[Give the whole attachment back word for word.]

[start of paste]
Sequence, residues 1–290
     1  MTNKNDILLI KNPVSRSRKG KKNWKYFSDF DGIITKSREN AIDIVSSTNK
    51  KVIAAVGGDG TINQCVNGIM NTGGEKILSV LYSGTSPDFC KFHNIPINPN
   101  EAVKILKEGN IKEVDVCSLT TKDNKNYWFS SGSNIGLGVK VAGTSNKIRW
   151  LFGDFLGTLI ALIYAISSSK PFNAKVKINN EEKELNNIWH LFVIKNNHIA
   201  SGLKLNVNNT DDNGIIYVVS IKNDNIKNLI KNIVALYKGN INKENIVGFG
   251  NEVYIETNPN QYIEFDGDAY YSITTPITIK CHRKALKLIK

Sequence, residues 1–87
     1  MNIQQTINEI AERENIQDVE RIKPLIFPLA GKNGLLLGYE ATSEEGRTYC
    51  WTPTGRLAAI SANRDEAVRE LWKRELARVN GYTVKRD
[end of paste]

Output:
Sequence, residues 1–290
     1  MTNKNDILLI KNPVSRSRKG KKNWKYFSDF DGIITKSREN AIDIVSSTNK
    51  KVIAAVGGDG TINQCVNGIM NTGGEKILSV LYSGTSPDFC KFHNIPINPN
   101  EAVKILKEGN IKEVDVCSLT TKDNKNYWFS SGSNIGLGVK VAGTSNKIRW
   151  LFGDFLGTLI ALIYAISSSK PFNAKVKINN EEKELNNIWH LFVIKNNHIA
   201  SGLKLNVNNT DDNGIIYVVS IKNDNIKNLI KNIVALYKGN INKENIVGFG
   251  NEVYIETNPN QYIEFDGDAY YSITTPITIK CHRKALKLIK

Sequence, residues 1–87
     1  MNIQQTINEI AERENIQDVE RIKPLIFPLA GKNGLLLGYE ATSEEGRTYC
    51  WTPTGRLAAI SANRDEAVRE LWKRELARVN GYTVKRD